But the Oli government has gone against those mandates time and again. The Karnali saga marks just the latest instance of province-level interference by the federal government. Earlier, the Oli administration had breached constitutional jurisdictions when the name and provincial capital for Province 5 (now named Lumbini province) were being decided. Just before voting on the issue commenced in the provincial assembly, PM Oli and Dahal had reportedly hinted to Lumbini Province’s chief minister Shankar Pokharel that they were on board with naming the province as Lumbini and developing Rapti Valley (Deukhuri) as the permanent provincial capital. Further, the party issued the whip to rack up votes in favour of the proposal backed by the federal government, and party leaders at the provincial assembly didn’t get adequate time to discuss the proposal. The party’s top leaders have also deprived the lawmakers of the opportunity to deliberate over other proposals in a democratic manner.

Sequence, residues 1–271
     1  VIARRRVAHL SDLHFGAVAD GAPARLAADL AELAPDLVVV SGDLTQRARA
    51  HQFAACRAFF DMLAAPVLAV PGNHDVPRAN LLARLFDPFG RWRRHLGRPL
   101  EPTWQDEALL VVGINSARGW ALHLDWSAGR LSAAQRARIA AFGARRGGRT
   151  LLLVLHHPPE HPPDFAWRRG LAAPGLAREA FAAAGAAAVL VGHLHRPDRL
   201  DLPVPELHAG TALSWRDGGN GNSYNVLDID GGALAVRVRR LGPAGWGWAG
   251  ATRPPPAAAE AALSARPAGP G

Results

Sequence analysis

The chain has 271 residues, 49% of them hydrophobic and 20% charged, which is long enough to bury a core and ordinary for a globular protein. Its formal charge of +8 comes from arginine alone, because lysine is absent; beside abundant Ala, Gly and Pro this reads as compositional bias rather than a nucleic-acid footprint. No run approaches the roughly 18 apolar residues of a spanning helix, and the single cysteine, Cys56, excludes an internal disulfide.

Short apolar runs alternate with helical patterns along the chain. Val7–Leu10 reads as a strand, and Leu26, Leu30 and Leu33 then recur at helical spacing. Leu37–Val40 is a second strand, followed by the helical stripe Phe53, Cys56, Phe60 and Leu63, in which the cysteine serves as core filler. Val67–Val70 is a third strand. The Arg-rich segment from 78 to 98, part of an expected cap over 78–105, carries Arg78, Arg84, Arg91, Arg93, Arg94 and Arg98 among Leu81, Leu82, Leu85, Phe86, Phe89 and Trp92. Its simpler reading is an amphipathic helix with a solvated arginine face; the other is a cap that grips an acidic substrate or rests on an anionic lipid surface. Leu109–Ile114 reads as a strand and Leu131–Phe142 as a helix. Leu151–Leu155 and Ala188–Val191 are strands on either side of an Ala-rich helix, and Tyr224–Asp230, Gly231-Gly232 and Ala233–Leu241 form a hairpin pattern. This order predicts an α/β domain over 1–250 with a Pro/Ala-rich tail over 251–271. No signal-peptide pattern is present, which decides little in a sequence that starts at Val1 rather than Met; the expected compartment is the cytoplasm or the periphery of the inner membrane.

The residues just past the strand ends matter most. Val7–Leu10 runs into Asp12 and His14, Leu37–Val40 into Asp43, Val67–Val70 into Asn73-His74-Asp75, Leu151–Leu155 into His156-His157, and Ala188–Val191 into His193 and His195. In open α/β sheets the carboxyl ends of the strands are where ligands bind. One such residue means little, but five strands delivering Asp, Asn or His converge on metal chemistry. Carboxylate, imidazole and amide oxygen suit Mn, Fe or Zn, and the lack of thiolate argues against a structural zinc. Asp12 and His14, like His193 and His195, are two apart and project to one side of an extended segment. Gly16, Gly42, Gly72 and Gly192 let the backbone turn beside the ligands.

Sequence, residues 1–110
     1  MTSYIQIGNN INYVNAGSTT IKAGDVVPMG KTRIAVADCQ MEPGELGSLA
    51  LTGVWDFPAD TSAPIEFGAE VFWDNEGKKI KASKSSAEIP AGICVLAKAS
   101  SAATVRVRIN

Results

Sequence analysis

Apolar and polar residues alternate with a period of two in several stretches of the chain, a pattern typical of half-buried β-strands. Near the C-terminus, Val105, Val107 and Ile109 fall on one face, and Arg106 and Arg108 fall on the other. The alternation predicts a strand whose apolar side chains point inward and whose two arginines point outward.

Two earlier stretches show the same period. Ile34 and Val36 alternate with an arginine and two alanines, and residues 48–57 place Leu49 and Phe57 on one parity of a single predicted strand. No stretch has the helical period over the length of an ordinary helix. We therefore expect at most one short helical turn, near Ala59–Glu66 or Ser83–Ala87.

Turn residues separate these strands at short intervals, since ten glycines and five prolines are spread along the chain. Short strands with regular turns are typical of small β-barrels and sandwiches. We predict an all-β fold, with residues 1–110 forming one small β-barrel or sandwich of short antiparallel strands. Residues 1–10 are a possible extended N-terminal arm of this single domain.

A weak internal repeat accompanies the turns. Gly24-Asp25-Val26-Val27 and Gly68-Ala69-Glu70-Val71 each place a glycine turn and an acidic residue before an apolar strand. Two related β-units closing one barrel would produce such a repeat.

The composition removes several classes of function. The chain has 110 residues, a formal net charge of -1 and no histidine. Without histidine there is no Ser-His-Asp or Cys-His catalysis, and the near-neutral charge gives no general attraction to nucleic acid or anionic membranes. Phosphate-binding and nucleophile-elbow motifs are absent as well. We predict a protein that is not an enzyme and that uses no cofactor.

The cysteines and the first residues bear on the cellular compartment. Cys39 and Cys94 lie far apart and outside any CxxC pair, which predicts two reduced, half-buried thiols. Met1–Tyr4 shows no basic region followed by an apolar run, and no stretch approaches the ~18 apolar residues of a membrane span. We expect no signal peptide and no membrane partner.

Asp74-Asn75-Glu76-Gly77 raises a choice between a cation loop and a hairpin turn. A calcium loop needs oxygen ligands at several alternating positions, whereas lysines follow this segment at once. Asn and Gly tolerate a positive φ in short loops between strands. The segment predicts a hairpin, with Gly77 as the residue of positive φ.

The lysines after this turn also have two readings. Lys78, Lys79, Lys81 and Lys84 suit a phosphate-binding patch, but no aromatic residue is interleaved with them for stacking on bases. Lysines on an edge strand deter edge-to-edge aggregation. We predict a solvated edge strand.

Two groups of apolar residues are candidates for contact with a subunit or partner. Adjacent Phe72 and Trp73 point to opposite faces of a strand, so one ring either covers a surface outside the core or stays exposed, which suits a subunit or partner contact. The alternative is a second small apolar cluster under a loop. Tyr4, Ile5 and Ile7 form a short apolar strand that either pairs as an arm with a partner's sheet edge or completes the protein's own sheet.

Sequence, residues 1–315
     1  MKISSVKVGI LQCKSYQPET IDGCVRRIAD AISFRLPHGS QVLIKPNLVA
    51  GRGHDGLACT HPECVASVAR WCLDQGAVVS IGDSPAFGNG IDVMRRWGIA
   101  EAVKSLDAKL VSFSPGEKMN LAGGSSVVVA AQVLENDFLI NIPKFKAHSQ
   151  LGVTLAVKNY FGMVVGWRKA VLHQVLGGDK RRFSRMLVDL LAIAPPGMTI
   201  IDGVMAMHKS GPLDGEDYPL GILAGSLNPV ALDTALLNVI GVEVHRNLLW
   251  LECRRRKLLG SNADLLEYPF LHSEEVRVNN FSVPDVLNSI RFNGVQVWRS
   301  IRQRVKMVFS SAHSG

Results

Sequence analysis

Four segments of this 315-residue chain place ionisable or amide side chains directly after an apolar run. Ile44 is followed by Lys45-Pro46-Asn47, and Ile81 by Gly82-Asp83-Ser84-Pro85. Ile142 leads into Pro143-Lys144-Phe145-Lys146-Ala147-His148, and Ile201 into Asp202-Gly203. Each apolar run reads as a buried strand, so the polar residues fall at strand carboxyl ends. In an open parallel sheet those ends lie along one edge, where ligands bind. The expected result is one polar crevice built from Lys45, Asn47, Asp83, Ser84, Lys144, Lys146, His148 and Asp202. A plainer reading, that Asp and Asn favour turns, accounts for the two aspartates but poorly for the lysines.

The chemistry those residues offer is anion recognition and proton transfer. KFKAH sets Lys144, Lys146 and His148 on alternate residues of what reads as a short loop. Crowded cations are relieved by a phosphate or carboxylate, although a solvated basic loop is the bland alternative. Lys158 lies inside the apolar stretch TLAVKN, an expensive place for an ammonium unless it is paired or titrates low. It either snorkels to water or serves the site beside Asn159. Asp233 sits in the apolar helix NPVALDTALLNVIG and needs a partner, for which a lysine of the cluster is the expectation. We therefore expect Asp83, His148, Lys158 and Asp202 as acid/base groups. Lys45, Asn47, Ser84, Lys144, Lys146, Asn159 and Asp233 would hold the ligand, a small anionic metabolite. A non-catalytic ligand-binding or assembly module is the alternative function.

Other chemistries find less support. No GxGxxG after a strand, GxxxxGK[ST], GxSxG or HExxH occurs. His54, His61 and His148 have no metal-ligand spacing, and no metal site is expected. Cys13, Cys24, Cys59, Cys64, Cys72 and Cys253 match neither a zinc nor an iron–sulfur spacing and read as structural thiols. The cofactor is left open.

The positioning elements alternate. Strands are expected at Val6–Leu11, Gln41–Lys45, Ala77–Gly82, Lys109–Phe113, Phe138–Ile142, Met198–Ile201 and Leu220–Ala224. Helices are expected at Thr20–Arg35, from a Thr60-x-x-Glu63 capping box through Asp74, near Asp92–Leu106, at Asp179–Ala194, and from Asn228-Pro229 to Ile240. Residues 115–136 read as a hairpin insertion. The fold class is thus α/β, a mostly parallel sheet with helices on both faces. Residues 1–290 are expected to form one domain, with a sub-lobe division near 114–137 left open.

Due to pressure from the federal government, the provincial governments in Province 2 (which includes eight districts bordering India) and in Province 1 (which includes mountainous districts, districts in the eastern hills, and some southern plains districts bordering India) haven’t been able to settle the row over naming the provinces and the provincial capitals, even though the issue has been discussed at the provincial assemblies for almost three years. Overall, only five of Nepal’s seven provinces have been successful in naming their province and determining their provincial capital. Although there is no clear cut-off date for naming and deciding on the location of provincial capitals, the federal government’s interference in the provincial government has raised questions about the federal government’s intent regarding federalism and its implementation.